Dove

Judging by scenery, the Dove Catchment is the crown jewel of the Trent catchment.

The river forges its way through the Peak District’s UNESCO-World heritage sites. Rising in heather-clad uplands, the Dove weaves through broadleaf woodlands, flower-rich grasslands and arable lands. The Dove is enjoyed by  anglers, ramblers and wildlife alike and it has been for quite some time. In 1676 Charles Cotton praised the Dove as ‘the finest River that I ever saw, and the fullest of fish’. While  Izaac Walton’s ‘The Complete Angler’ enthuses about ‘the swiftness of its current’, ‘one of the purest Chrystalline streams you have seen’.

Confluencing into the Dove, the River Churnet, Tean, Manifold, Hamps form this predominantly rural catchment area. Within this catchment, the industrial revolution and historic milling continues to echo, as barriers change flow regimes and restrict species migration. Both stories of successful reintroductions and persistent barriers  continue to shape resilience, biodiversity and water quality. While weirs and other obstacles are part of the region’s rich cultural heritage, restoration works are starting to restore the ‘swiftness of its current’ and give aquatic wildlife the conditions it needs to recover and thrive.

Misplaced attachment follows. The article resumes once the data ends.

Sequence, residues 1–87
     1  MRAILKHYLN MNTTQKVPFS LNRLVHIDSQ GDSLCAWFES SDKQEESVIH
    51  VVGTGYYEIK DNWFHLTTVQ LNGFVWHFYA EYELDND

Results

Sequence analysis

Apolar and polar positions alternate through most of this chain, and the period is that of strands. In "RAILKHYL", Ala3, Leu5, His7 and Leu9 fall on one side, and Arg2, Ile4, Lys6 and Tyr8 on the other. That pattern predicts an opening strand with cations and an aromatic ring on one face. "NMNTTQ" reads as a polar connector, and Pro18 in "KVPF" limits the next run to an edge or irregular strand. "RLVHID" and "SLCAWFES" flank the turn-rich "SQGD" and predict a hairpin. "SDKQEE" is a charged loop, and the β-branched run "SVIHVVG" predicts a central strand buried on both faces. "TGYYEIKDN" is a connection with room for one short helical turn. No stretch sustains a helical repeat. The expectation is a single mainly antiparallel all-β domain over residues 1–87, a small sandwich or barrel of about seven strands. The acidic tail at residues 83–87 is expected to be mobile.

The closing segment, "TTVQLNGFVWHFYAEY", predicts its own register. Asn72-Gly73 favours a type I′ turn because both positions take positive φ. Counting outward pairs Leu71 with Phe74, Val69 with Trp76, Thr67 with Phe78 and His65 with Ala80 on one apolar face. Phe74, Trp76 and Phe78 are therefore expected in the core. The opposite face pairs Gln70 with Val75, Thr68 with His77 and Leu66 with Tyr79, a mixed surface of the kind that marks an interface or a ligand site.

Following a programmme of salmon re-introduction, facilitated by the removal of a series of weirs, the Dove is slowly returning to become a river that can once again become a haven for threatened species. Learning from the experience, long-term commitment, shared collaboration are key to success in the Dove and beyond.

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